Canine bladder cancer is not very common – it accounts for approximately 2% of all cancers in dogs.
The bladder is shaped like an empty balloon, and it collects urine before the body releases it as waste.
The most common form of dog bladder cancer is a malignant cancer tumor called transitional cell carcinoma (“TCC”, aka urothelial carcinoma).
The tumor is developed from the cells (transitional epithelial cells) lining the bladder. Therefore, such tumors are usually found in the inside lining of the bladder.
As the tumor grows, it takes over the space that is used for holding urine, thereby obstructing the flow of urine from the kidneys to the outside of the body.
Canine transitional cell carcinoma is fairly aggressive. In one out of every 10 instances, it spreads to other sites of the body, such as the lungs, the bones, or the lymph nodes near the bladder.
Causes of Bladder Cancer in Dogs
As in other forms of cancer, the exact cause of bladder cancer in dogs is unknown, but it is believed that several contributors can cause canine transitional cell carcinoma to develop in dogs.
A genetic predisposition is suspected because this type of cancer is more common in specific breeds of dogs. In particular, Scottish Terriers have a much higher risk of developing bladder cancer than other dogs.
Other breeds susceptible to this cancer include the Shetland Sheepdogs, the Beagles, West Highland White Terriers, and Wire Hair Fox Terriers.
It has been found that female dogs are twice as likely to get bladder cancer than males.
It has also been found that neutered dogs are four times more likely to develop bladder cancer than intact males.
Exposure to Pesticides
Another risk factor is exposure to pesticides and herbicides, especially in yard spray. “Old generation” flea dips are also responsible for causing bladder cancer in dogs.
This chemotherapy drug can trigger bladder cancer in dogs. If your dog had a previous cancer of a different kind and was treated with cyclophosphamide, he may have a higher risk of developing bladder cancer later on in life.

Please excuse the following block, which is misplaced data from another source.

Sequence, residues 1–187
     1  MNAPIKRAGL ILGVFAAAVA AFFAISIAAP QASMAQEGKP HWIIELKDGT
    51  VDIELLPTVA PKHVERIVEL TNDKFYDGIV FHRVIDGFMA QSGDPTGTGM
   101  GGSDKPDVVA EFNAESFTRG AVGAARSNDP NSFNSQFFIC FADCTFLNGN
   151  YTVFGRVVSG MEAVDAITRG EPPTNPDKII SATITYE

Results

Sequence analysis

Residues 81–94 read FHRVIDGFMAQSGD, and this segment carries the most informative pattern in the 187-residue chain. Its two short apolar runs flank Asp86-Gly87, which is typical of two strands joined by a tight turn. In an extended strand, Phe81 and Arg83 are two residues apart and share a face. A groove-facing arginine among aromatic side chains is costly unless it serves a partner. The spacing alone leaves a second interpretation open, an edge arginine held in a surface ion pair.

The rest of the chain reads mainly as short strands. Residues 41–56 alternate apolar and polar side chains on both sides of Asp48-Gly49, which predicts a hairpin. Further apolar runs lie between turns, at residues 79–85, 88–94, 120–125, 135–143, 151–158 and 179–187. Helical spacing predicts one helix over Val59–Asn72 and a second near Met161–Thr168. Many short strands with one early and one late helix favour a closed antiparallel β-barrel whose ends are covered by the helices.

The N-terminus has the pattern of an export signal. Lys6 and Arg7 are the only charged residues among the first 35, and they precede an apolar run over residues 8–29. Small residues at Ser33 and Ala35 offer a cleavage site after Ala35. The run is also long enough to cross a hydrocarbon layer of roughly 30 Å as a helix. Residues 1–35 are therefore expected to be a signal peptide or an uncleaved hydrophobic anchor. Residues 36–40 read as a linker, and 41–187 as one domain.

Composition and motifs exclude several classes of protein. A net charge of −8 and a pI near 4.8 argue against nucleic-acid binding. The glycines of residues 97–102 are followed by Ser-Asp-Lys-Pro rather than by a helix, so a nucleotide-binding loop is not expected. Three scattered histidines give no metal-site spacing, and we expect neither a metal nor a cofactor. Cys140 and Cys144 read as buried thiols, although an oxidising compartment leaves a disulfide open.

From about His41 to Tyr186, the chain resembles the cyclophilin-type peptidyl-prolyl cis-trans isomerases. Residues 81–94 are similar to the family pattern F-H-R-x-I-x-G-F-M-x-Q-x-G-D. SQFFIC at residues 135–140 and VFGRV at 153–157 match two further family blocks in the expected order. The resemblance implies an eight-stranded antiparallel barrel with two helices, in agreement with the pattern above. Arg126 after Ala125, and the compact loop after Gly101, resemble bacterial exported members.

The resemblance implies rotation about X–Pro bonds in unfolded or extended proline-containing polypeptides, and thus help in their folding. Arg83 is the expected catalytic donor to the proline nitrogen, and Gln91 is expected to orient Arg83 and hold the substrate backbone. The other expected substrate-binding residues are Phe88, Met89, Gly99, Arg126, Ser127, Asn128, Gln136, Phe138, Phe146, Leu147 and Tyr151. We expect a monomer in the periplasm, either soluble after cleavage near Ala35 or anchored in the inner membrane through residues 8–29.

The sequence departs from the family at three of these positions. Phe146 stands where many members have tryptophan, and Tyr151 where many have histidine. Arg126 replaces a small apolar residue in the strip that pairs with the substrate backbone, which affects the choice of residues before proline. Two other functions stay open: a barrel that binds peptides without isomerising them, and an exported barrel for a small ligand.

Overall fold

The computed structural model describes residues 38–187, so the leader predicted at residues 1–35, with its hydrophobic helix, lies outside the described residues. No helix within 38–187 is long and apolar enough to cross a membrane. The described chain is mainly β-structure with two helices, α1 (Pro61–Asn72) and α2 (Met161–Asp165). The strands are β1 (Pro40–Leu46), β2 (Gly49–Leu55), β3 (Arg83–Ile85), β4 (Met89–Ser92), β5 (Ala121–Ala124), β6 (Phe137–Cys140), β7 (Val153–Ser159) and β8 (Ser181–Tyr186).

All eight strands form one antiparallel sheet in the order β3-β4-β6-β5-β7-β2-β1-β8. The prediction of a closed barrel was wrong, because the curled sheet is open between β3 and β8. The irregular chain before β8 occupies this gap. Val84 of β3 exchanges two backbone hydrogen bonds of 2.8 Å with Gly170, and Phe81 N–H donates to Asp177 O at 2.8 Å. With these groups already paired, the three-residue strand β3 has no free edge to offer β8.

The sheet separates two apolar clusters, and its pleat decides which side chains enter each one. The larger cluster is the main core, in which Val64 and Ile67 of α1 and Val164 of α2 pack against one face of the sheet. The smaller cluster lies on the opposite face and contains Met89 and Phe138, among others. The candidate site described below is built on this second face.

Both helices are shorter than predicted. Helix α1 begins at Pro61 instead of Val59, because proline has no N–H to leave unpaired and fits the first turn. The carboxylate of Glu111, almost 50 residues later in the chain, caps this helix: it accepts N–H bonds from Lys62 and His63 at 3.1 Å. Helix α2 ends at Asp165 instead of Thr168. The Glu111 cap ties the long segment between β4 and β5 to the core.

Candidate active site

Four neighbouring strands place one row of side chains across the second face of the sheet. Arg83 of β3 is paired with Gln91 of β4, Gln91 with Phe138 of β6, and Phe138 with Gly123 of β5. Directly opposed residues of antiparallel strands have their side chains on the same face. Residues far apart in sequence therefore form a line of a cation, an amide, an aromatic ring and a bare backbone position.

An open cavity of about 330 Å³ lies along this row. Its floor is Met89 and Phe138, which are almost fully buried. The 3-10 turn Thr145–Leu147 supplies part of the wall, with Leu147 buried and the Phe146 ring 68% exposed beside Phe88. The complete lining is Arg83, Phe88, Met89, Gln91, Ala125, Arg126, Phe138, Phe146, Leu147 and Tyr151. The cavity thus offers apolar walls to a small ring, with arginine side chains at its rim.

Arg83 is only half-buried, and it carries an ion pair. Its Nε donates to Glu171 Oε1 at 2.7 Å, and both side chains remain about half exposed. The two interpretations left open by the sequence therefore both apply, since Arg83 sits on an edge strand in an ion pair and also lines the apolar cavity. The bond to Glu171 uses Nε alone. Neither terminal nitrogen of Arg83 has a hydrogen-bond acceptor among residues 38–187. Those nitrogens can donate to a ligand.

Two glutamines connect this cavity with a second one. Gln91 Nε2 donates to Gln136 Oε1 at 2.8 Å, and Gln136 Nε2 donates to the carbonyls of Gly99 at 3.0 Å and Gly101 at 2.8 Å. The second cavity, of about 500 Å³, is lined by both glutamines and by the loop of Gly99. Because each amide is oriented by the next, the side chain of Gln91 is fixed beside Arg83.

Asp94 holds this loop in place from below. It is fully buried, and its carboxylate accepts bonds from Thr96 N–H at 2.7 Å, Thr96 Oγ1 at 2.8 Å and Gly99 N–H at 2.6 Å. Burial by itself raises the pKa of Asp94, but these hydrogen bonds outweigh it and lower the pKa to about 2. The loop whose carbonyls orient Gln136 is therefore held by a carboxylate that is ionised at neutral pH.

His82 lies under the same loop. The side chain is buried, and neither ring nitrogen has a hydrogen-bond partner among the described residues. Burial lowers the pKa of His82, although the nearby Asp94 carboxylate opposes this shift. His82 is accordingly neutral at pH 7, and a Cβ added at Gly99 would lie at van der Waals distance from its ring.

Symptoms of Bladder Cancer in Dogs
In fact, one other sign of bladder cancer is repeated bladder infections.
Therefore, if your dog has repeated bladder infections, or is showing signs of a bladder infection, be sure to get a proper diagnosis to rule out the possibility of bladder cancer.
Since canine transitional cell carcinomas can spread rather rapidly, as the disease progresses, the dog will show other symptoms.
For example, if the tumor has spread to the bones, the dog can show signs of lameness.
If the tumor has spread to the lungs, symptoms such as coughing and difficult breathing may arise.
Diagnosis of Bladder Cancer in Dogs
As mentioned above, symptoms of canine bladder cancer are similar to other bladder problems such as bladder stones or infections. So, as a first step, a series of tests (such as complete blood count (CBC), biochemistry profile, urinalysis, urine culture, and bladder imaging) will have to be done to rule out other possible bladder problems.
If other bladder or urinary tract problems are ruled out and cancer is suspected, a tissue biopsy will be done which is the only way to get a definitive diagnosis.
If a definitive diagnosis of bladder cancer is made, the next step is to perform “tumor staging”, i.e. to determine the stage (extent) of the disease in order to decide on the most appropriate treatment program.
The “stage” of the disease is basically determined by three factors – the primary tumor, spread to the lymph nodes, and spread to other organs.
Conventional Treatment of Bladder Cancer in Dogs
The conventional treatment of choice is chemotherapy.
A common chemotherapy plan is a combination of piroxicam with mitoxantrone. This combination can help in around 40% of dogs and the median survival time is about one year.
Another less aggressive chemotherapy plan is the use of only one drug (usually piroxicam). About 2 dogs in 10 will see improvement and the median survival time is about six months.
Surgery is usually difficult for bladder cancer in dogs because of two main reasons.
First, transitional cell carcinomas are locally aggressive and it is difficult to completely remove all cancer cells with surgery.
Second, the position of the tumor can make surgery difficult or even impossible, especially if the tumor occurs in the neck of the bladder where several vital structures are located.
Radiation may control the growth of the tumor but it has its limitation due to serious complications that can be caused by the treatment, such as a scarred, shrunken bladder, and irritation to surrounding organs.
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